KARACHI: Former finance minister Miftah Ismail has said the budget 2023-24 is in line with the International Monetary Fund’s (IMF) demands and not very expansionary.
Ismail — a vocal critic of incumbent Finance Minister Ishaq Dar — said that the Washington-based lender demanded a primary surplus of 0.5% and the government has set it at 0.4% which is close to the lender’s benchmark so “we can say that is in line with the IMF’s expectation”.
The former financial czar was speaking on Friday, giving his response on an Rs14.46 trillion budget eyeing a deficit of 6.54% of economic output in the fiscal year starting on July 1.
Dar announced the target during his budget speech to the National Assembly.
The budget needs to satisfy the IMF to secure the release of stuck bailout money for the crisis-struck country, which is due to hold a general election by November.
The government had prepared “a responsible budget, not an election budget”, the finance minister said.
He reiterated that the government hoped to get an agreement with the Washington-based lender soon, echoing comments made earlier in the day by Prime Minister Shehbaz Sharif as he addressed his cabinet.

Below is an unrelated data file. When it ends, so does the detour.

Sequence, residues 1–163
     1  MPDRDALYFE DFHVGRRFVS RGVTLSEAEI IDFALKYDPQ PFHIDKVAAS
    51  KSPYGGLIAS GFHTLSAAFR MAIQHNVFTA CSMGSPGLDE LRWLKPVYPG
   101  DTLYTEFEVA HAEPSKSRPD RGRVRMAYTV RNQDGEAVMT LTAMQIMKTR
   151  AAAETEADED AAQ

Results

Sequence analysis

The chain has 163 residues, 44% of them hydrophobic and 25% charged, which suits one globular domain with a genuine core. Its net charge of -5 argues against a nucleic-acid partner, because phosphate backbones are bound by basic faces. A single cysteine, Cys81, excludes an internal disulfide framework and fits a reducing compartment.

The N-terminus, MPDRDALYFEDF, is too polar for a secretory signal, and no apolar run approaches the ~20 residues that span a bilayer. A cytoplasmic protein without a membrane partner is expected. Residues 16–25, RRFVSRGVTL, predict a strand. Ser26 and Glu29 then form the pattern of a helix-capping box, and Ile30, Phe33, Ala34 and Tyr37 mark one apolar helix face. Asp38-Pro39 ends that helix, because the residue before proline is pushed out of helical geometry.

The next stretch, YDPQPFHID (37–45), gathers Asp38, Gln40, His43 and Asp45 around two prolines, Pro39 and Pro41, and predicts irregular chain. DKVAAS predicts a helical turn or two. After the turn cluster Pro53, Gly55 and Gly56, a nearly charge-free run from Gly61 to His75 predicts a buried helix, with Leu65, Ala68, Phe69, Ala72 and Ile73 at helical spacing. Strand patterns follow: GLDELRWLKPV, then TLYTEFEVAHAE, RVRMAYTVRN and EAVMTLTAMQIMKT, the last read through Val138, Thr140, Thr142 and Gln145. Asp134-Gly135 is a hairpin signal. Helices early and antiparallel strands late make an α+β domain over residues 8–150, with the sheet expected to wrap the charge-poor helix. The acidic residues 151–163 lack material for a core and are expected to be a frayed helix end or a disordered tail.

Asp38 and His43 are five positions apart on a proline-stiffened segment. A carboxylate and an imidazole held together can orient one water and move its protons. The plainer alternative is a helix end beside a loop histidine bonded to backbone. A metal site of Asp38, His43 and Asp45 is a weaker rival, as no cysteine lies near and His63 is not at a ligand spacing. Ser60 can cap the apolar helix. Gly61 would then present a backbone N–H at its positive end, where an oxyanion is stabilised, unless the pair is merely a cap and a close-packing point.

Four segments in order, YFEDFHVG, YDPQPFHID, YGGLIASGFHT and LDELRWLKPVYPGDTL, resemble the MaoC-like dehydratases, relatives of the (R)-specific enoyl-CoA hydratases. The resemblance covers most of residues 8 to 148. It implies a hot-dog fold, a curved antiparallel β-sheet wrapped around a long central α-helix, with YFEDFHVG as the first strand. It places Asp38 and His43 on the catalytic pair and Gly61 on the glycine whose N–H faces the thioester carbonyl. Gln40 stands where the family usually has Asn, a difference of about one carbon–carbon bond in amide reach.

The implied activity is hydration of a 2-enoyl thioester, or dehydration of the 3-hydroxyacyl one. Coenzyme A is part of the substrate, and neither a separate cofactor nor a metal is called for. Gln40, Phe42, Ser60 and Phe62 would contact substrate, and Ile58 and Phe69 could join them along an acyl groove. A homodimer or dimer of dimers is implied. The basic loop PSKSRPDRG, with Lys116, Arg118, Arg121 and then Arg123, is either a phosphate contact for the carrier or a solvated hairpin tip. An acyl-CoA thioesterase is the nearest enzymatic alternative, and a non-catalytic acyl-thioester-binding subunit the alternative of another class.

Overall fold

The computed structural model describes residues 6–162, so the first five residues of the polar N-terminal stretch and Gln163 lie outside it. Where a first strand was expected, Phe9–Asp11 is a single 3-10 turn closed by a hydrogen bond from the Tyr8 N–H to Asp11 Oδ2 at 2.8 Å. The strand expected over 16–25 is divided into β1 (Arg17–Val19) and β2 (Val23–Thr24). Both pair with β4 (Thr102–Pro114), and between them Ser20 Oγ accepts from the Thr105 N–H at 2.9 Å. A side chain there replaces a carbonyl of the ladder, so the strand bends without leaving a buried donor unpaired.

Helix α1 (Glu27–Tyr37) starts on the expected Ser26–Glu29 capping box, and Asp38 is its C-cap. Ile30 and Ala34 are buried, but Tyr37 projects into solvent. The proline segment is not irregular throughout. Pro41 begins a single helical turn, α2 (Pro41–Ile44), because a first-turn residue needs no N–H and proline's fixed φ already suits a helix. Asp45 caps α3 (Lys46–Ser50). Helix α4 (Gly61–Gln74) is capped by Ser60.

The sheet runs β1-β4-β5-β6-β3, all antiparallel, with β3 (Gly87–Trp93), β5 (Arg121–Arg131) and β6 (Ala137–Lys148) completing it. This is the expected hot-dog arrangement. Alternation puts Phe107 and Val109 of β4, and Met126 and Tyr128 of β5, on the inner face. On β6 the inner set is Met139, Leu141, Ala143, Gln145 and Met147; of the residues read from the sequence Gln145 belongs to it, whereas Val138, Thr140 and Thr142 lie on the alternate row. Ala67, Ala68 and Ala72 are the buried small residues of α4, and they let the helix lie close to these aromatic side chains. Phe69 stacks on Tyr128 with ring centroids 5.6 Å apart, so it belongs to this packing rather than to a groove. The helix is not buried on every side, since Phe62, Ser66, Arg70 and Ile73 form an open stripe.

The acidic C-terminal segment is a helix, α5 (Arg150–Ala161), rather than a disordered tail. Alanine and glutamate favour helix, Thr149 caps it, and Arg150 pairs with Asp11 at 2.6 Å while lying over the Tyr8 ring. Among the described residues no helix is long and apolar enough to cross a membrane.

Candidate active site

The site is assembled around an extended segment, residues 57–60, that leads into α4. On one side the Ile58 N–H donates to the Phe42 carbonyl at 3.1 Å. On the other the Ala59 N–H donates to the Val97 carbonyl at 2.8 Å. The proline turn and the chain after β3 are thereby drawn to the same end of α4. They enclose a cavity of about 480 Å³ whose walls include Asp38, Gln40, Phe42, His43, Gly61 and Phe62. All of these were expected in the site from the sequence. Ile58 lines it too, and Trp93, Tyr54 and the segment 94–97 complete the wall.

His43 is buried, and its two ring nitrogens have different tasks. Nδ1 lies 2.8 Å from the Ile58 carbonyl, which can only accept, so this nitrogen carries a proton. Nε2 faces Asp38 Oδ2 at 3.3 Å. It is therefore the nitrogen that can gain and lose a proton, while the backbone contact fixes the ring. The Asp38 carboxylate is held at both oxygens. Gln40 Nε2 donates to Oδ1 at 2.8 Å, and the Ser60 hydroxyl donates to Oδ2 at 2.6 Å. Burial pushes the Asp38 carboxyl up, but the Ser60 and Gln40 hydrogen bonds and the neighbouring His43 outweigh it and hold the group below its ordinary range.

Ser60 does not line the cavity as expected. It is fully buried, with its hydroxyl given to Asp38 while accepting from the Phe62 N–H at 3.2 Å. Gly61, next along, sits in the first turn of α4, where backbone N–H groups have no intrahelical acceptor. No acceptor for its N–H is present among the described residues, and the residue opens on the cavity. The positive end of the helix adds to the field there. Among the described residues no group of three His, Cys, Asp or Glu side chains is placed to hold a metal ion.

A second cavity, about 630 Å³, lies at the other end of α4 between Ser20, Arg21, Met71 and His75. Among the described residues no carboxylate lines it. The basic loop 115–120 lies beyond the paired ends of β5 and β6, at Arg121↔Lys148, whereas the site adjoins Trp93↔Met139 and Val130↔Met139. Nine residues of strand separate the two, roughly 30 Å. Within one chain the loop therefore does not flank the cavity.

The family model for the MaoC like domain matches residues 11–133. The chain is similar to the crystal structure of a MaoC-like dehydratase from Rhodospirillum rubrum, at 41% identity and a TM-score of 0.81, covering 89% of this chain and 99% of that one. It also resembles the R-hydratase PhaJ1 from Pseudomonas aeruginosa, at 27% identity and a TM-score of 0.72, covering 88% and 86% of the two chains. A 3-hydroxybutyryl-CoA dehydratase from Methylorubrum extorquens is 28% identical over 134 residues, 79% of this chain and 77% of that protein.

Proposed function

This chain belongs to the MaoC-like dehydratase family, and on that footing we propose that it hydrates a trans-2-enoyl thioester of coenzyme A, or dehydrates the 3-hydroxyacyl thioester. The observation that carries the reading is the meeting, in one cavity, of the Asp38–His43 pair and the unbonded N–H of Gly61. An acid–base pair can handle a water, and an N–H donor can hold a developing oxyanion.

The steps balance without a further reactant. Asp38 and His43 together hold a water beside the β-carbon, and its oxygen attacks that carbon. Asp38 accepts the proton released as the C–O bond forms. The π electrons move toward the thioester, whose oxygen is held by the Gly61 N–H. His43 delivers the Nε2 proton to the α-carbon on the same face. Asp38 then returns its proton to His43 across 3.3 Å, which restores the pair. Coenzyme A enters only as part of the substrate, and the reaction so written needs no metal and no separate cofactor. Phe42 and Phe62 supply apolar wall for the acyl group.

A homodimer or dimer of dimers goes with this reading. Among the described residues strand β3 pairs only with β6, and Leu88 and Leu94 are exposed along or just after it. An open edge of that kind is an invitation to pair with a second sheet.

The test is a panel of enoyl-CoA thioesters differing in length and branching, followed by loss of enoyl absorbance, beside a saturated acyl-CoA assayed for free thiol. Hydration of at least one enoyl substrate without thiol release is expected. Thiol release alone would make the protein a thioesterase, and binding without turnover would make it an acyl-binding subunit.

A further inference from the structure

Ismail also said that if the IMF thinks that “your revenue and expenditure targets are practical then it is not a very expansionary budget”.
“The IMF focuses on two things — primary deficit and primary surplus — and we are close to it as there’s only a difference of Rs125 billion.”
He said that the way the government is increasing taxes and giving money to the provinces, this budget is not sustainable.
He also criticised authorities concerned for announcing a hefty increase in salaries. “More than half of the expenses in civil government are salaries.”
He asked for increasing the allocation for the Benazir Income Support Program (BISP) and demanded a cut in funds for the lawmakers.
Miftah, when asked if there will be a shortfall in the tax revenue this year, replied that the government had to suffer huge losses due to the devastating floods this year in which over Rs100 billion were provided to the poor as subsidies as well as the money spent of infrastructure which shows there have been some major changes made in the budget.
He said that keeping in view the interest rate and GDP tax, the deficit target can be achieved. “The most worrying thing in this year’s budget is that our revenue receipts are Rs6,800 billion and the interest it has to pay is Rs7,500 billion which means that the government is borrowing money just to pay interest and not to spend which is called death trap.”
Miftah said that a lot of restructuring in the budget is needed as it is not sustainable.
Speaking about the increased salaries and pensions of the government employees, the former finance minister said that it is due to rising inflation and increased expenses, however, reforms are needed.